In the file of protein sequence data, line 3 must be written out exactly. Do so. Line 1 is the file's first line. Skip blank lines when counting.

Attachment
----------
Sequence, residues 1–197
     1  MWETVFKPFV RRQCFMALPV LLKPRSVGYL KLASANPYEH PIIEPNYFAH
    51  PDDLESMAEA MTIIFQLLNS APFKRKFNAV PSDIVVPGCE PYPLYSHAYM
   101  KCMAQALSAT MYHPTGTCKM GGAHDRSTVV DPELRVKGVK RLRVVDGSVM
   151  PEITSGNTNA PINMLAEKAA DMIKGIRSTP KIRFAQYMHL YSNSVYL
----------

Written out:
    51  PDDLESMAEA MTIIFQLLNS APFKRKFNAV PSDIVVPGCE PYPLYSHAYM